Re: [OT] Systemd and forking programs (was systemd can't start a dæmon and doesn't give any error either)
- Date: Tue, 9 Oct 2018 08:47:50 -0400
- From: Greg Wooledge <wooledg@xxxxxxxxxxx>
- Subject: Re: [OT] Systemd and forking programs (was systemd can't start a dæmon and doesn't give any error either)
On Tue, Oct 09, 2018 at 11:04:21AM +0200, tomas@xxxxxxxxxx wrote:
> Systemd's stance is that it wants to supervise the processes it creates. And
> the most effective way to do that is to keep them as children; that's what
> old BSD init did, and what other process supervision programs (e.g. runit)
> do. They can watch closely when one of their children die and take action.
You're actually thinking of inittab here. This is what System V's inittab
was intended to do. It's a monolithic file that controls the starting
and restarting of all services on the system. You (root) edit the file
using your favorite text editor to add or remove a service, and then
run "init q" (or "telinit q" in later Linux implementations) to have
the running init process re-read the file.
For some reason, this model never caught on. People didn't like having
a monolithic file that had to be human-edited and which could break the
entire boot process if munged.
So, they built another layer on top of inittab.
> The whole PID thing came up with SysV init and is a crutch: many things
> can happen: process dies, leaving behind the PID file, so you have to
> check explicitly whether process is still running (in itself a race
> condition), PIDs "wrap around", so if process died a while ago, the
> PID may be active again for a totally unrelated process, etc. etc.
This is the additional layer that was added later. It's sometimes called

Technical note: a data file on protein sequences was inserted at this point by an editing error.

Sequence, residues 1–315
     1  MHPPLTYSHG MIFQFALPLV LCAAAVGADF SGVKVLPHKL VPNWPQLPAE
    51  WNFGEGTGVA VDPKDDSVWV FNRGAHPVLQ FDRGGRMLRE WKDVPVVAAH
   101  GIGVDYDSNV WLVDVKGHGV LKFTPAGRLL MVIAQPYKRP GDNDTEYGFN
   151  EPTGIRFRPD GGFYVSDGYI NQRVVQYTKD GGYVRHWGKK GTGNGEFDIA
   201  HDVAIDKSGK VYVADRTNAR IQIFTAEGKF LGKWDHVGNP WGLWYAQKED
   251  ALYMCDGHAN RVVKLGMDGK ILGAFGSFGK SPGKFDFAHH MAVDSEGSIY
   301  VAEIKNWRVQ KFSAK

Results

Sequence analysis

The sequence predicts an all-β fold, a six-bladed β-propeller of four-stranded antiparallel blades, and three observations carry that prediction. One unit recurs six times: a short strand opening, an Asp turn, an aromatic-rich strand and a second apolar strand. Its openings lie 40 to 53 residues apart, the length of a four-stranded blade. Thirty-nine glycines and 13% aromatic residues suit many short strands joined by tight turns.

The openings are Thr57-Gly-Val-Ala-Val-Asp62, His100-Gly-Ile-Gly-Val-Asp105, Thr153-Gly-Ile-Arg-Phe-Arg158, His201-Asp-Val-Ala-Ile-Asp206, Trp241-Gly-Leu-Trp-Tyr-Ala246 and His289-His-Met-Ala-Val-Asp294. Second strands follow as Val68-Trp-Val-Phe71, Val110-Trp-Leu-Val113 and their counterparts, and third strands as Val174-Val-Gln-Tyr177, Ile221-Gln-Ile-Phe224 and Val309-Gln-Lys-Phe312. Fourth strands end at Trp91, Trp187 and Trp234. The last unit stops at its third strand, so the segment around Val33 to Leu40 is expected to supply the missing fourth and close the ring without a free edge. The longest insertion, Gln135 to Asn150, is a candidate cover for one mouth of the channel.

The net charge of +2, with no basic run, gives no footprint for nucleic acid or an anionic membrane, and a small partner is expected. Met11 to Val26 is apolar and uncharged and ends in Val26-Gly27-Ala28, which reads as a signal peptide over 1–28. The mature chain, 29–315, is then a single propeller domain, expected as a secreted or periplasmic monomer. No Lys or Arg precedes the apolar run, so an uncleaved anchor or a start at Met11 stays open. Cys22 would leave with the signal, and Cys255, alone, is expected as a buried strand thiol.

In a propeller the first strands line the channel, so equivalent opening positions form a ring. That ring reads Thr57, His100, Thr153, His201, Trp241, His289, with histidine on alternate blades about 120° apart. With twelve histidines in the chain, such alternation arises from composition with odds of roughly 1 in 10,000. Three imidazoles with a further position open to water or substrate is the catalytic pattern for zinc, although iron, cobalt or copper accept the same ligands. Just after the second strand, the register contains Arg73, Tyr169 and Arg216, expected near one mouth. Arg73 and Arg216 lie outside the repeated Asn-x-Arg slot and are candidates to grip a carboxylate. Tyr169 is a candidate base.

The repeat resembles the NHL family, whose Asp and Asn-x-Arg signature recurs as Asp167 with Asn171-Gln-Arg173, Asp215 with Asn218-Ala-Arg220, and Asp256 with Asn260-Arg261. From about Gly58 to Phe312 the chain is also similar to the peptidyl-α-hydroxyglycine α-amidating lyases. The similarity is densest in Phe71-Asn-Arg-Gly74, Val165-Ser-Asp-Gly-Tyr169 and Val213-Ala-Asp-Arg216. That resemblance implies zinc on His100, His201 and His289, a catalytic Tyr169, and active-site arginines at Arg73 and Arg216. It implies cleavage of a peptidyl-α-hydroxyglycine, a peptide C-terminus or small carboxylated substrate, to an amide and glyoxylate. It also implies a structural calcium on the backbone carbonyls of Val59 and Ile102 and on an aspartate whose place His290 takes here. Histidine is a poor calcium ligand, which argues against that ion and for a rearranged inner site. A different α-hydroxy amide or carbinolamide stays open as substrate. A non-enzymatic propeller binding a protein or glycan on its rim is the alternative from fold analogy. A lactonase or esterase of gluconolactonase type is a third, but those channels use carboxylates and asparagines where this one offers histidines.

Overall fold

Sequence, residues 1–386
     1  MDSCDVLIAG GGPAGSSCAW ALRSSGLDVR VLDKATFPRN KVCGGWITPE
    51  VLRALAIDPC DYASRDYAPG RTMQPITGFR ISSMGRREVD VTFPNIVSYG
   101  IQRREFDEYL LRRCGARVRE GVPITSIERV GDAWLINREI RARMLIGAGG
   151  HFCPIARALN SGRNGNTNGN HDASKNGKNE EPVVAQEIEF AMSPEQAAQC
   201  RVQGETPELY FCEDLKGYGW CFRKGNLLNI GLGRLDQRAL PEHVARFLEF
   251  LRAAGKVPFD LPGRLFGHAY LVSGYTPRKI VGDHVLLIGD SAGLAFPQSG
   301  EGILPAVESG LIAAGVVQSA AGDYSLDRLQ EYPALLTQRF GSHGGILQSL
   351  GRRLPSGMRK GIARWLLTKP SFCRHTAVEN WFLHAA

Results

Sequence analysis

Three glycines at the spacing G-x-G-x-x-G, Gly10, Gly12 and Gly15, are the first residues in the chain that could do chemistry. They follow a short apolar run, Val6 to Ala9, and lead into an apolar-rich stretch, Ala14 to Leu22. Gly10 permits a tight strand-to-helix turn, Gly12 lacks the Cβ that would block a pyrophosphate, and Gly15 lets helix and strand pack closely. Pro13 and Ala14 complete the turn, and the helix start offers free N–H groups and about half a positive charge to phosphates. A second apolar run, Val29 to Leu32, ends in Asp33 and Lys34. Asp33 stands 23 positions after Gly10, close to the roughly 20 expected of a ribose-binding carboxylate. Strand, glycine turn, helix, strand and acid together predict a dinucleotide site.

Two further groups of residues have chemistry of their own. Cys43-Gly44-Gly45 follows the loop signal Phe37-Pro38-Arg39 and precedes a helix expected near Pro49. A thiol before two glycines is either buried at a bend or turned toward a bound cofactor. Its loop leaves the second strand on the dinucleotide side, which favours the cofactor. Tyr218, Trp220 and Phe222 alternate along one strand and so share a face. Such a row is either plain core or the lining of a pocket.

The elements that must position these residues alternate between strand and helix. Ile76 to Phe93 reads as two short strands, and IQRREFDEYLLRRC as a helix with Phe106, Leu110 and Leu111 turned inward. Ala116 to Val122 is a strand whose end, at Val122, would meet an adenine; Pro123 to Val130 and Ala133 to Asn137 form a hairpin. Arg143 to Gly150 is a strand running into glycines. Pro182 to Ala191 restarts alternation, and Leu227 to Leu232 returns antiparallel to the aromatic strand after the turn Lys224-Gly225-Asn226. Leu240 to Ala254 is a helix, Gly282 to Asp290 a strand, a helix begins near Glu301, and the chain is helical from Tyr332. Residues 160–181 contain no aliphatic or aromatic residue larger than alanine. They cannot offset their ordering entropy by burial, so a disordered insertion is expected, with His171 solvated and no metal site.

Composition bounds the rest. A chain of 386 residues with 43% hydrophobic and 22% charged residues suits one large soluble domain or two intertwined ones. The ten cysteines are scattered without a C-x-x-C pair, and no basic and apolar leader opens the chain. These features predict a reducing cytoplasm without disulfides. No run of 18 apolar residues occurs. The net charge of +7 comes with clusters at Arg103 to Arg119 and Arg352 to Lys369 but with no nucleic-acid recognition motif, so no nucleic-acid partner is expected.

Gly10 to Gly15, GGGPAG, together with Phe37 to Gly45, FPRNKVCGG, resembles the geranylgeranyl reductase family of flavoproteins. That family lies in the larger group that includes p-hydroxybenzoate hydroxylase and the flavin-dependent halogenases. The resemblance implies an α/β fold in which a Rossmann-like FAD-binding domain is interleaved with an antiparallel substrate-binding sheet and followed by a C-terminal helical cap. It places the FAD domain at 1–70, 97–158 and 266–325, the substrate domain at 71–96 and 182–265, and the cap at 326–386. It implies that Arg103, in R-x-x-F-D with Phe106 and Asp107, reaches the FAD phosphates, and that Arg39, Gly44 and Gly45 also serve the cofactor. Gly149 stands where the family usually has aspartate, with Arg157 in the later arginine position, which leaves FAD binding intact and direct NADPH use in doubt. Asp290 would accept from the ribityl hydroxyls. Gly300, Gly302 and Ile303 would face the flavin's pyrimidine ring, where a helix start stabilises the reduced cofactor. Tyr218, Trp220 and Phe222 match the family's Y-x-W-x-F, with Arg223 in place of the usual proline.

In this model, the inittab file is told to run a single script which then
runs a whole bunch of other scripts. Each of these other scripts is
of the form /etc/init.d/foobar and takes a single argument, like "start"
or "stop". The objective of the /etc/init.d/foobar script is to start
its designated service as some kind of background program, and capture
its PID and store it in a file, so that later, it can terminate this
The storing of PIDs in files is a catastrophic hack, for the reasons
you've already explained. The only sane way to make sure you're
controlling the actual service that you started is to stay running,
as the parent of the service. As the parent process, you have unique
authority over the child-service. You can be informed immediately
when it terminates, you can receive its exit status, and perhaps most
importantly of all, the child is left in the process table as a zombie
until you, the parent, have asked for its exit status.
Under the sysv-rc model, the child-service processes are orphaned.
There's no responsible parent hanging around waiting for that phone
call from the kernel telling it that Little Johnny has died. The sysv-rc
services are wards of the state. They become children of init (PID 1),
and init does not care about their exit status, or about notifying the
next of kin, or any of that.
When an orphaned process dies, the state (init) reaps and discards its
exit status, and the zombie is gone. The PID is free to be reused by
some other process. The sysv-rc shell scripts have no way of knowing
whether this has occurred. So, people tried to layer more and more and
more hacks (Debian's start-stop-daemon is one of these) on top of the
problem. But going from 99% working to 99.9% working is still not a
The only 100% working solution is to keep the parent alive. MANY people
wrote service management systems to do this. I won't attempt to list
them all here. Systemd is just one of them.
For a more detailed analysis of the history of sysv-rc and its failings,
see <http://jdebp.eu./FGA/system-5-rc-problems.html> among many other